Review: Courtney Barnett — Olympia Theatre, Dublin
“I don’t know what I was thinking; I should get a job. I don’t know what I was drinking; I should get a dog. Should get married, have some babies, watch the evening news…” So spouted Courtney Barnett strikingly in song, midway through her performance Monday night at Dublin’s Olympia Theatre, playing one from her back catalogue off of 2013 EP A Sea of Split Peas.
Have some babies. Get a job. The words hung heavy in the air, echoing all-too-familiar sentiments for the twenty-somethings in attendance who, like myself, find themselves confronted regularly with the societal pressures of carving out an conventional path and job stability.
Indeed, Barnett confessed by way of introduction to the tune, “Are You Looking After Yourself?”, that its lyrics were taken verbatim from a conversation she had had with her caring but concerned parents. Committing one’s life to artistic pursuits is, for most parents, a frightening prospect indeed, and trying to make money while also pursuing one’s passions is a shared dilemma of this generation.
But Courtney’s reprisal of this track struck me so much because I got me wondering… If, back in 2013, this artist had succumbed and just settled down and got a sensible job, how deprived the world would be of such a rare talent! Having absolutely sky-rocketed since then with an award-winning debut album and international acclaim, Courtney Barnett gives inspiration to the hopeless dreamers among us, wandering way outside of the career track.
Making a far-too-brief showing in Belfast earlier this year at The Biggest Weekend festival, Barnett has been touring non-stop this year in support of her brand new and superb sophomore album Tell Me What You Really Feel. Fans were delighted to be able to catch a full-length performance by the Australian songstress.
Coincidentally (or not?) Barnett’s intercontinental friend Kurt Vile hits Dublin later this week, so it’ll be a great few days of music for Lotta Sea Lice lovers, and I’d be sad to hear it if Kurt and Courtney didn’t find the chance to meet up for a few pints in the Irish capital. Whether or not this tour date was enriched with a happy reunion, Barnett played with joy and lightness in a colourful and vital performance alongside her stellar band.
Opening up for Courtney on this tour is fellow Aussie, Laura Jean, a well-seasoned singer-songwriter with a quirky quiet confidence. While she introduced herself by sharing that she had just debarked a plane twenty minutes ago, her smooth, cool sound was anything but jetlagged as she sunk into a dreamy synthscape, emitting enchanting vocals. Standing solo on stage with just a keyboard and sax at her disposal, Laura recreated tunes from her latest album Devotion with the help of backing tracks and an unchained choral range.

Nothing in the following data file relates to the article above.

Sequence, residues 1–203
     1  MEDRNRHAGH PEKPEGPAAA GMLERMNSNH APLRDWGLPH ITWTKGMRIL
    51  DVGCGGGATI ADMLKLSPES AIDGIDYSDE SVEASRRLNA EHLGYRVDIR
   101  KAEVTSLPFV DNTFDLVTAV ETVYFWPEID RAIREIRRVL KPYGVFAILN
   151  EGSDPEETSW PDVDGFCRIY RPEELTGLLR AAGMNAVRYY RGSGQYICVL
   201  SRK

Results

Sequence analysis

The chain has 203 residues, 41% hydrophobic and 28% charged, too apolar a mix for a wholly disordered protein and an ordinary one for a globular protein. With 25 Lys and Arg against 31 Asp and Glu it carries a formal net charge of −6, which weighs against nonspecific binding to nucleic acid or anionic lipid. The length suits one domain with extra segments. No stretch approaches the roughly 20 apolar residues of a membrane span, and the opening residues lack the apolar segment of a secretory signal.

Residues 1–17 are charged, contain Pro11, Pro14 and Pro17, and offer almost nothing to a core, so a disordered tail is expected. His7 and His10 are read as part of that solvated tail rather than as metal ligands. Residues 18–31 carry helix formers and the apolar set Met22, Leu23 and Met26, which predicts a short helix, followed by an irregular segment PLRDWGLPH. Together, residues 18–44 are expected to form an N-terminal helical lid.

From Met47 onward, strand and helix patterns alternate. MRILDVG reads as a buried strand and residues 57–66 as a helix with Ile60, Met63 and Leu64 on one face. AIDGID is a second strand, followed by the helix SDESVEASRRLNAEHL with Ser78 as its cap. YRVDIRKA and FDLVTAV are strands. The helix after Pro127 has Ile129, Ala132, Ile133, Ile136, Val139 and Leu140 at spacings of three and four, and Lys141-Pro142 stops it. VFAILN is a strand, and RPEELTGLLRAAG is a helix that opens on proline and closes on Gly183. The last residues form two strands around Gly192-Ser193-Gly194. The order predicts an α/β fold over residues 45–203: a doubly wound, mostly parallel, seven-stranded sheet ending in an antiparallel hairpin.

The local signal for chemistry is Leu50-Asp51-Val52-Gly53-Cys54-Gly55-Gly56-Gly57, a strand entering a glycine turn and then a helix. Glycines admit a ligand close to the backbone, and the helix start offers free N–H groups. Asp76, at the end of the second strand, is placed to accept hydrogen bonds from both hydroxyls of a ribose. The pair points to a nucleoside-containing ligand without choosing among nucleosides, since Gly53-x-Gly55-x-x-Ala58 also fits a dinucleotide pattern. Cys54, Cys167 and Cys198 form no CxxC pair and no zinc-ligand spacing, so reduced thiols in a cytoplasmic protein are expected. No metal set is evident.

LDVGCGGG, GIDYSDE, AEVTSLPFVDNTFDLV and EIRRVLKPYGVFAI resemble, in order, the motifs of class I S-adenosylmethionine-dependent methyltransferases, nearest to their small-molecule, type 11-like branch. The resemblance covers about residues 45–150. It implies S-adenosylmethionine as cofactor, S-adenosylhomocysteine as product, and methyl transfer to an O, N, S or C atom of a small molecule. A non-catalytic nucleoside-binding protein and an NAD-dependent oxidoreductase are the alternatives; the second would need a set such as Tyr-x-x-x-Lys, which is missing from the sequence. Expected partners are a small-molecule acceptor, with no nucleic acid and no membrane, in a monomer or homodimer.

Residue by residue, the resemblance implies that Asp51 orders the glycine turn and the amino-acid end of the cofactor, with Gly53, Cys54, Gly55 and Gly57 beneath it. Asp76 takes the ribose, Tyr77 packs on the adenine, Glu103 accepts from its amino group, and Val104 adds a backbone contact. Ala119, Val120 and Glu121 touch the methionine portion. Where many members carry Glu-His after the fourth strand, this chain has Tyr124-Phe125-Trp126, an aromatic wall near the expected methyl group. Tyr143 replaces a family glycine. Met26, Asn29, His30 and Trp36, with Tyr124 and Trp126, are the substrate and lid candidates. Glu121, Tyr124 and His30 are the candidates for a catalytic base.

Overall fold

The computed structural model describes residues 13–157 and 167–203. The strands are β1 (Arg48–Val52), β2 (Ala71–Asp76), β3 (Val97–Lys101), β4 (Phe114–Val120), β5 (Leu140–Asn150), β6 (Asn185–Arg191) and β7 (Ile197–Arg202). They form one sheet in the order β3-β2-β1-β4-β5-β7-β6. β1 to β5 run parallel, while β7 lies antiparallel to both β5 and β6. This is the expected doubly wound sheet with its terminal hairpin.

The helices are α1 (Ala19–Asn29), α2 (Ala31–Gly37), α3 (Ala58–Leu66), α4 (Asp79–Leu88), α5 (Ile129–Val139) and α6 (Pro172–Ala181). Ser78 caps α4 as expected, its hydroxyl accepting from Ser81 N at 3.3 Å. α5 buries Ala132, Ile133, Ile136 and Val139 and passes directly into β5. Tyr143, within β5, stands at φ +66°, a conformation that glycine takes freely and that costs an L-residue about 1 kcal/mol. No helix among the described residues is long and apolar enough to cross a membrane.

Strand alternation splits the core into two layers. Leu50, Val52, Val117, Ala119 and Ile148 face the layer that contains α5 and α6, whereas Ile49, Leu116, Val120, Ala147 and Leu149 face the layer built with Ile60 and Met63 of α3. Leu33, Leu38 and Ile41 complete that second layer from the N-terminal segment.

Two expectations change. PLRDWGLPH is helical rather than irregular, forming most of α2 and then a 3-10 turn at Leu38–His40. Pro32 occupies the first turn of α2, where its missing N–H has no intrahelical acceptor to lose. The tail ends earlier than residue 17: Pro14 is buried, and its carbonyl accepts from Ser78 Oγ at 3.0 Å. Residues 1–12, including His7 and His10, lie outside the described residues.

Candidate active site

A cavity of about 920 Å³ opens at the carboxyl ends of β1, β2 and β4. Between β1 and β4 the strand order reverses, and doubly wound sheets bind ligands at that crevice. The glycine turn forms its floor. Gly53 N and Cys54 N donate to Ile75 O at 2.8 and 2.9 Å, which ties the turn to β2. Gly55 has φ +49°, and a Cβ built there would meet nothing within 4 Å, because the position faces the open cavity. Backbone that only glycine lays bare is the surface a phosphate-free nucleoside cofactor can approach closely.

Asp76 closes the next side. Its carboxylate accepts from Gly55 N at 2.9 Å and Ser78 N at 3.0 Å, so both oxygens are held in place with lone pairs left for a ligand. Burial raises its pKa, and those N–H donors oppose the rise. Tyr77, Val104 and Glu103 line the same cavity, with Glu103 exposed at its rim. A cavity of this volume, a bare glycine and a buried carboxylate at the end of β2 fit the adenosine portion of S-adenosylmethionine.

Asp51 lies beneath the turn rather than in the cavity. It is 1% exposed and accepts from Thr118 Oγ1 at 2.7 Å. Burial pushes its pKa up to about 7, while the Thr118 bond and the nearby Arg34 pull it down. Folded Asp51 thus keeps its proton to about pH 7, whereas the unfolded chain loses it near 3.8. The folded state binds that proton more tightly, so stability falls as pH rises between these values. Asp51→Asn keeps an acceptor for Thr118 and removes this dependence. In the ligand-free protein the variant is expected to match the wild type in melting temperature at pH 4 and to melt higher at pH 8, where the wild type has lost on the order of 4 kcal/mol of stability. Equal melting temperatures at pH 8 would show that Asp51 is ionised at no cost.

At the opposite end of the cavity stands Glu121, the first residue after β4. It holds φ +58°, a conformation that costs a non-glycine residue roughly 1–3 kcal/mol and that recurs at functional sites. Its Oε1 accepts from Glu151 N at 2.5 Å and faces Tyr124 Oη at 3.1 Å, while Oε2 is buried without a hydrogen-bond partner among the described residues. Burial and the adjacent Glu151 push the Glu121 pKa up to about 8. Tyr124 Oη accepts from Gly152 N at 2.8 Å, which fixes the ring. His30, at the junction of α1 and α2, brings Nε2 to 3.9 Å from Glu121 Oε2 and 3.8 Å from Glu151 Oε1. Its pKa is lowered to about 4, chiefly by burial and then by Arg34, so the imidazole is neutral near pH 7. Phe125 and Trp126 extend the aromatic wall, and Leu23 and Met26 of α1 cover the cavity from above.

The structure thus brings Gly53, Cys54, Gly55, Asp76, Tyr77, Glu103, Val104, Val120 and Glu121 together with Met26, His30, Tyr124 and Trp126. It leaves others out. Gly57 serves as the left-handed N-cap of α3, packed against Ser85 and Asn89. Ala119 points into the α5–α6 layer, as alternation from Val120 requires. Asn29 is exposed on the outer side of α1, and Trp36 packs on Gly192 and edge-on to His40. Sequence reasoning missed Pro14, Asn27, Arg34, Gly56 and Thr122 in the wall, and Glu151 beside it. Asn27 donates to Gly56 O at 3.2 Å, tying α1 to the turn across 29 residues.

This, her fifth studio album, marks a departure from the classical-inspired folk of past work and Laura Jean dives in the blissful dream-pop pool, paddling alongside the likes of Lorde, Tennis, and Lykke Li. Pulling impassioned expressions as she stroked the keys to kicking drum beats, the young musician filled the room with breathy and daring melodicism, soured only by the odd squeal of feedback. Laura’s affable and humble stage presence was enough to smooth over any imperfection over, however, the woman laughing in genuine disbelief during the eccentric “Lick Your Heart” as the crowd started clapping along spontaneously.
“Don’t get your hopes up,” Jean declared cannily as she strapped on the saxophone for a smooth jazzy outro to her next piece. But there was no need for such modesty, as the audience went crazy every time her lips touched the mouthpiece. This escalated to the point that Laura was fully blushing and playfully paused mid-solo to utter into the mic, “Stop it!” and moments later, “I’m serious!” as the crowd just kept cheering louder and louder. “You’re making me feel very special,” she divulged before playing the final song of her set.